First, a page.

Demonstrating Conservation Leadership: The government is committed to removing barriers and promoting opportunities for energy conservation and energy efficiency in its operations. For example, the bill would require government ministries and agencies to factor in conservation and energy efficiency in their procurement and capital investment decisions.

Encouraging Conservation Actions: The bill will, if passed, help remove barriers to energy conservation that may exist in current building codes or bylaws. It could also require that energy efficiency and usage information be made available when homes are being sold.

Facilitating Conservation Co-operation: The bill would facilitate agreements between the government and other sectors to collaborate on conservation programs. Agreements could involve co-operation on research, conservation benchmarking and improvements to facilities.

In addition to the proposed legislation, the government has also issued directives to the Ontario Power Authority to produce three programs aimed at further enhancing energy conservation in Ontario. It is expected that these programs will reduce overall electricity consumption by as much as 200 megawatts (MW), enough power for 125,000 homes. These programs should be up and running in 2006 and are summarized as follows.

The Program for Low-Income and Social Housing Residents would build on the Ministry of Energy's successful pilots on energy conservation and demand-side management with various organizations. It aims to reduce electricity bills for low-income households by helping them to reduce their overall electricity consumption. This will result in longer-term reductions of up to 100 MW in peak electricity demand.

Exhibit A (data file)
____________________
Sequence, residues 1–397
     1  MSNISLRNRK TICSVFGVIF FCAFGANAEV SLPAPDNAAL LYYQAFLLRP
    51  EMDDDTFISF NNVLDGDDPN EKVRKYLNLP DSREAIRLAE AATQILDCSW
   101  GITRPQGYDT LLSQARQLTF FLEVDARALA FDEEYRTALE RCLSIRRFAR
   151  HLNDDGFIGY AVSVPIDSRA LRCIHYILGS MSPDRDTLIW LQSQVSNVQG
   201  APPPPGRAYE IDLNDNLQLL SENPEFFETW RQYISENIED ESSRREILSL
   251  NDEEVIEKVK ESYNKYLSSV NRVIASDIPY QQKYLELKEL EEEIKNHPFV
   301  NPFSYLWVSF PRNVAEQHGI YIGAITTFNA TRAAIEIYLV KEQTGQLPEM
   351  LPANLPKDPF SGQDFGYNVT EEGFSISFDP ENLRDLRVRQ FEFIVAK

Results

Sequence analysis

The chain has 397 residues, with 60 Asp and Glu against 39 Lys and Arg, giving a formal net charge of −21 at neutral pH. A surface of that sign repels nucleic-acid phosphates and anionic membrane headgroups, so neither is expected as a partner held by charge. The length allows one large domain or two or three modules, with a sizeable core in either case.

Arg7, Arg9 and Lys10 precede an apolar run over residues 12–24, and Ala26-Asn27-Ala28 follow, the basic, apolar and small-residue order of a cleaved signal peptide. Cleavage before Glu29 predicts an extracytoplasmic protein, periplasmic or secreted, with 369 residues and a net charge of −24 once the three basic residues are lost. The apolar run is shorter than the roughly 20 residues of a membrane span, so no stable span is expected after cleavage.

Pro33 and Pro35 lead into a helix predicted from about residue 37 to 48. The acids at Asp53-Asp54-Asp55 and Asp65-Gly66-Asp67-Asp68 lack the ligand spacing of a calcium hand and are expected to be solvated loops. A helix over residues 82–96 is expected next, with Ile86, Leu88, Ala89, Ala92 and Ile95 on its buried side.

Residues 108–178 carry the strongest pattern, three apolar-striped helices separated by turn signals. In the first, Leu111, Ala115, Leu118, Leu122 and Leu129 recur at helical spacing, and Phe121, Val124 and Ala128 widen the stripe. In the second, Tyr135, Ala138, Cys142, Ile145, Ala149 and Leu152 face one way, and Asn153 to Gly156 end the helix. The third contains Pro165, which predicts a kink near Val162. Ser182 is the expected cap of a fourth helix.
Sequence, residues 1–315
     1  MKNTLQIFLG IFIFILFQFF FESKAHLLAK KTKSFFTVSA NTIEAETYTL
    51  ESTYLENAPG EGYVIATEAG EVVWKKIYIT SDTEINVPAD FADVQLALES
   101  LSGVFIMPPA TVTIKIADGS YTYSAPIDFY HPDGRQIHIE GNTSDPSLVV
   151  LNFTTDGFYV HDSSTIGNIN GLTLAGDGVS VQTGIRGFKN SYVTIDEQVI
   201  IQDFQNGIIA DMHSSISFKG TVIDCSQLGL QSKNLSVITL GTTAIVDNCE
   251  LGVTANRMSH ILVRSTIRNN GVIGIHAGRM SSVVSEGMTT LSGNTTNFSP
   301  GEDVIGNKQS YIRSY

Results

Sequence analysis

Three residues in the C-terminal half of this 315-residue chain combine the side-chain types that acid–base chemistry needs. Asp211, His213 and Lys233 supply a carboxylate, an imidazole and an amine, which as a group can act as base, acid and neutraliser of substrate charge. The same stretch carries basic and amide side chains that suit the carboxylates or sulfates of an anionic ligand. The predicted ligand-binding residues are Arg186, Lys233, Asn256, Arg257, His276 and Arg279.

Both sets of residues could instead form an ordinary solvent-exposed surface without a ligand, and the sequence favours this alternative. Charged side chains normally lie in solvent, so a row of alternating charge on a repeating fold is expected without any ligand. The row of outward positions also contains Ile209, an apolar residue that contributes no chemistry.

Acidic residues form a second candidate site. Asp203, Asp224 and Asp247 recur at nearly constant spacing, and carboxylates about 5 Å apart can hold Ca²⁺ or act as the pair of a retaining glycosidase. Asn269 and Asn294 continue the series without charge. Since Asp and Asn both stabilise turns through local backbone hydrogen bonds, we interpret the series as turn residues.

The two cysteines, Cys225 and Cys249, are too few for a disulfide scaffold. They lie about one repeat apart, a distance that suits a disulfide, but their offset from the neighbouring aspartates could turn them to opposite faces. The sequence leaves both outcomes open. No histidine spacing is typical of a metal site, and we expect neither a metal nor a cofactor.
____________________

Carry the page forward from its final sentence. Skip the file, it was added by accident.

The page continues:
The Appliance Change-Out Program will encourage electricity consumers to replace energy inefficient appliances such as refrigerators, dishwashers and freezers. Targeting commercial as well as residential customers, this program will encourage customers to take old, inefficient appliances out of service and will provide incentives for the purchase of high-efficiency models.

The Efficient Lighting Program will encourage commercial and residential customers to adopt efficient lighting technologies and design. A comprehensive outreach and education component aimed at residential and small and medium-size enterprises will be a key feature of this program.

Together, the Appliance Change-Out Program and the Efficient Lighting Program will reduce electricity consumption by up to 100 MW and help achieve the government's overall conservation targets.

"This legislation builds upon the important work that is already being undertaken by many organizations in the broader public sector when it comes to energy conservation and efficiency," said Cansfield. "The public sector has an important role to play in supporting and advancing conservation in Ontario."

"The Toronto District School Board is embracing energy conservation in our operations through a variety of measures including our education programming, implementing smart metering in 31 schools, and designing new schools to meet Leadership in Energy and Environmental Design standards," said Sheila Penny, Executive Superintendent Facility Services, Toronto District School Board.